Managing a shared folder. Click the image to enlarge.
I mentioned that your other task for the day is to add a user account to an existing AD user group. From within IA, expand your domain node as well as the User Groups node. Right-click the group you'd like to modify and choose Manage. In the resulting window, double-click the object from the NOT Member side of the screen that you'd like to add to the group. This will move the object to the left-hand side of the screen and add it to the selected group. When you're done, click the Modify button. The two screenshots below give you a look at this functionality.
Managing groups - first look. Click the image to enlarge.
Adding users to a group. Click the image to enlarge.
IA also includes a low level Active Directory editor that gives you the ability to manage individual attributes for any Active Directory object. This type of editor in the wrong hands can be a dangerous tool. Using this is akin to individually modifying sectors of a disk rather than using the tools intended to modify files, so use it with caution.
Below, note that the Attribute Information window is open and allowing me to change the name of an Active Directory group. You can tell it's an Active Directory group by virtue of the ObjectClass attribute entry in the Managing Active Directory attributes window in the background.
Managing an Active Directory group. Click the image to enlarge.
IA's Active Directory management capabilities include a lot more than just the low-level editing function that I just described — just about any common AD functionality is included in this centralized tool.
Available for just under US$600 (399 Euros), IA does much more than I've presented in this overview. The tool is freely available for a 30 day evaluation, which allows you to get a really good look at it before you commit to spending any money.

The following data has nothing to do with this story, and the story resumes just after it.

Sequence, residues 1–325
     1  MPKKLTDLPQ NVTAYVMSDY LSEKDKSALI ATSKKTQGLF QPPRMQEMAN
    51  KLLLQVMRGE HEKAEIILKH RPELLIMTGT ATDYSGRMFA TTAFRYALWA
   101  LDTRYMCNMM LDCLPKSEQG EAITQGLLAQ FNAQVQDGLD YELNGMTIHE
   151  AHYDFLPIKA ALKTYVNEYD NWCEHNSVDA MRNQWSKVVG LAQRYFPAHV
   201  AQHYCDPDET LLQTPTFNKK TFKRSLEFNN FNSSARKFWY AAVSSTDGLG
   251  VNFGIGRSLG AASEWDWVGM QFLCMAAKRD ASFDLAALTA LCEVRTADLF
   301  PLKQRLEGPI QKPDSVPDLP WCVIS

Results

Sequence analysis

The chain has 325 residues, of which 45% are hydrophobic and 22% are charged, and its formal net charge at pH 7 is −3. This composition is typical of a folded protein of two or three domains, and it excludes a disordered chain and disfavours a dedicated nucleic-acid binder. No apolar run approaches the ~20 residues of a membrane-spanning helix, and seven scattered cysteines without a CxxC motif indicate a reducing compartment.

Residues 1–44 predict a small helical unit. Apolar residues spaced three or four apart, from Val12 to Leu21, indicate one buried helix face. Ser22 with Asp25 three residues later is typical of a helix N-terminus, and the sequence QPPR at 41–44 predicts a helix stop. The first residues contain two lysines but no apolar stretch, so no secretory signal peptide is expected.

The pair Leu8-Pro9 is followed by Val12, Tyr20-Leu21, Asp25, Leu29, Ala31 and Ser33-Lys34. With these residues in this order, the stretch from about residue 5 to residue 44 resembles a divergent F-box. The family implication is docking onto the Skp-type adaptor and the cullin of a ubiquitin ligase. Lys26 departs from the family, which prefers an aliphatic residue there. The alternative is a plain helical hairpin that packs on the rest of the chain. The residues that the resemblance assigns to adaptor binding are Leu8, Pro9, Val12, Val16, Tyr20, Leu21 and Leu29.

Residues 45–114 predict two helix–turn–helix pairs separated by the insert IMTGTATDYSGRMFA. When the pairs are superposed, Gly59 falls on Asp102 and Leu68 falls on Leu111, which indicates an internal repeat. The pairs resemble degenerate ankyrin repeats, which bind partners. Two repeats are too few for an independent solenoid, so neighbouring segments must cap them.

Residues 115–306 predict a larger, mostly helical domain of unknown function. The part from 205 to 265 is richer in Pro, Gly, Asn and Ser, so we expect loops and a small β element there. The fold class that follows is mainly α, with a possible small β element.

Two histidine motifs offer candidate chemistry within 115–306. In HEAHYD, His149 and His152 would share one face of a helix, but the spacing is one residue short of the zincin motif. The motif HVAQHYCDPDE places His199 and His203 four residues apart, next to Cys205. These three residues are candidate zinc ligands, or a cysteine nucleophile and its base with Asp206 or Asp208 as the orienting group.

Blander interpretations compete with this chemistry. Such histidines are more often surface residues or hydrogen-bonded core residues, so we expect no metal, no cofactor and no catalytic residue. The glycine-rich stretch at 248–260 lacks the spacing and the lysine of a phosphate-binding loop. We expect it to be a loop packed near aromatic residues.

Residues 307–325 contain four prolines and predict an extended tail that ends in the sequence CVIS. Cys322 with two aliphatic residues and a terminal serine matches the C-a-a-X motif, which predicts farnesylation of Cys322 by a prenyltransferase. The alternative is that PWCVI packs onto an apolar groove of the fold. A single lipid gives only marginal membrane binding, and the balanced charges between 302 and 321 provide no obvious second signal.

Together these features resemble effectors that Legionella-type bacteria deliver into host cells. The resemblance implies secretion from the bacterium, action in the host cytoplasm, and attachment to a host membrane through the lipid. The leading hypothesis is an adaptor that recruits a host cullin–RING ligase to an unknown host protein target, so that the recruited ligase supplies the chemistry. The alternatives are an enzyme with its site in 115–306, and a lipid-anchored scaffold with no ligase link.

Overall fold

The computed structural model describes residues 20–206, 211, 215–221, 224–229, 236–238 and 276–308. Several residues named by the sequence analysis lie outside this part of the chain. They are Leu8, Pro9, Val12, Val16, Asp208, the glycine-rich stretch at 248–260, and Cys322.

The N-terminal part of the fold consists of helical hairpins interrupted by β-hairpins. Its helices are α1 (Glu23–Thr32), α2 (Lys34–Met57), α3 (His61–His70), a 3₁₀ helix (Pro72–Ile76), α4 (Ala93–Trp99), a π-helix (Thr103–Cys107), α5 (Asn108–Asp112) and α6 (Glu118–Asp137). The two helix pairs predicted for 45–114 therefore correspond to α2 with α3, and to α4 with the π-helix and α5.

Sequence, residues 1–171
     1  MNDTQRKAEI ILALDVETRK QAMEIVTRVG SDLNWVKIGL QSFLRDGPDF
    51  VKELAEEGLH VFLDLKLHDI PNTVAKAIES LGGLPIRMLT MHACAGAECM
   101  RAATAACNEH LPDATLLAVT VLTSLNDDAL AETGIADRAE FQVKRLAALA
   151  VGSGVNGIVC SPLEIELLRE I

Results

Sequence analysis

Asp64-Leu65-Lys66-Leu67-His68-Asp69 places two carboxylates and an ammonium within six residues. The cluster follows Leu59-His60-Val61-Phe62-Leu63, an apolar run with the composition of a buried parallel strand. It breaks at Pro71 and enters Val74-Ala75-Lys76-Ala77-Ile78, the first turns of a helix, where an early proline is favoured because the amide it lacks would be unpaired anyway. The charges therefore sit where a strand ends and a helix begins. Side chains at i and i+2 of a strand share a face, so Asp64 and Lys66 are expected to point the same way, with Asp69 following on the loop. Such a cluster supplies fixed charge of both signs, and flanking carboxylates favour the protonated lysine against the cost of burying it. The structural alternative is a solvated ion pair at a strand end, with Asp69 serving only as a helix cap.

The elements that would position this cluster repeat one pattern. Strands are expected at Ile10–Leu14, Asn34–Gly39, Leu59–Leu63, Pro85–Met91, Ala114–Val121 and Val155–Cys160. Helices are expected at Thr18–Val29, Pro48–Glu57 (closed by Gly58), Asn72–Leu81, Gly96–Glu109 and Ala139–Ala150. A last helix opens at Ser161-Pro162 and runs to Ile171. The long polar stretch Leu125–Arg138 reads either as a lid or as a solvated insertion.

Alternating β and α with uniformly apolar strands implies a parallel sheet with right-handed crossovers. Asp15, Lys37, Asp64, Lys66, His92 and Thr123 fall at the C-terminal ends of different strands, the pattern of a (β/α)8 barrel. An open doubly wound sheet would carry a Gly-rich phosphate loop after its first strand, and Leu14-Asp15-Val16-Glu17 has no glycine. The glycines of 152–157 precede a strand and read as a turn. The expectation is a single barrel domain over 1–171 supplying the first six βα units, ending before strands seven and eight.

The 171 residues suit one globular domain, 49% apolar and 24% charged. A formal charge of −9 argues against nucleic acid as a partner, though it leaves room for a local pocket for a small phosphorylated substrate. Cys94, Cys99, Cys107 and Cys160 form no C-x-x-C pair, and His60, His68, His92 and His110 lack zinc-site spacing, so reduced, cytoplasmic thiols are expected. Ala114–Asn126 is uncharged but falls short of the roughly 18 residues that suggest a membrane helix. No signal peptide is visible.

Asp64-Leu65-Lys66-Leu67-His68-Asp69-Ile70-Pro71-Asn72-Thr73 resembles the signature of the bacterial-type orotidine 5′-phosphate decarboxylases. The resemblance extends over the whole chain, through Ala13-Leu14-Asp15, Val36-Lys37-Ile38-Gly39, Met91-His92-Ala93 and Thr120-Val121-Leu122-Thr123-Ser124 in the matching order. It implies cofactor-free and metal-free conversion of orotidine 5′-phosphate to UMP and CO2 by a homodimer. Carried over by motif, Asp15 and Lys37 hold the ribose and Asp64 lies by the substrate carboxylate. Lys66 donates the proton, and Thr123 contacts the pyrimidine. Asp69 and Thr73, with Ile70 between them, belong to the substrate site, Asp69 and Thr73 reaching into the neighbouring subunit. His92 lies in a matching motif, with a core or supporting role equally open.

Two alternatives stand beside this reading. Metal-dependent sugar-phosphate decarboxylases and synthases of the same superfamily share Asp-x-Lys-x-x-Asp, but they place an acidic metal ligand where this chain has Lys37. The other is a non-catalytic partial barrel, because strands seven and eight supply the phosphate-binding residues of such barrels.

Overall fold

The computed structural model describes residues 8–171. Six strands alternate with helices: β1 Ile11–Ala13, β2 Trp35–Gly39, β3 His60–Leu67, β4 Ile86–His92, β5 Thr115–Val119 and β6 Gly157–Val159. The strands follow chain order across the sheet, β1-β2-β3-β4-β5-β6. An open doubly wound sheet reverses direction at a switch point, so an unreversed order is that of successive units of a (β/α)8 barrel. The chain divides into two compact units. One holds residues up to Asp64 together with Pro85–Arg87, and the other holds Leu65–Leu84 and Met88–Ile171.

Not all rosy
No tool is perfect. In my short time using IA, I have run into a few problems, none of which are show stoppers, although one comes close.
In my case, in the navigation pane, when I mouse over the server housing my Exchange 2007 installation, IA simply quits — no warning and no error. Further, there was some minor functionality that simply did not appear to function, although it looked like it should have. However, if the tool performs very well in other ways and can address 95% of my administration needs, I can work around these issues, report them to support, and await an update.
Give your opinion about IA
Any time you can consolidate a bunch of tools into one, you don't need to hunt around for "the right tool for the job" and can focus on the task at hand. Give IA a whirl and see what you think. I look forward to hearing your thoughts on IA in the comments section.
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Since 1994, Scott Lowe has been providing technology solutions to a variety of organizations. After spending 10 years in multiple CIO roles, Scott is now an independent consultant, blogger, author, owner of The 1610 Group, and a Senior IT Executive with CampusWorks, Inc. Scott is available for consulting, writing, and speaking engagements and can be reached at email@example.com.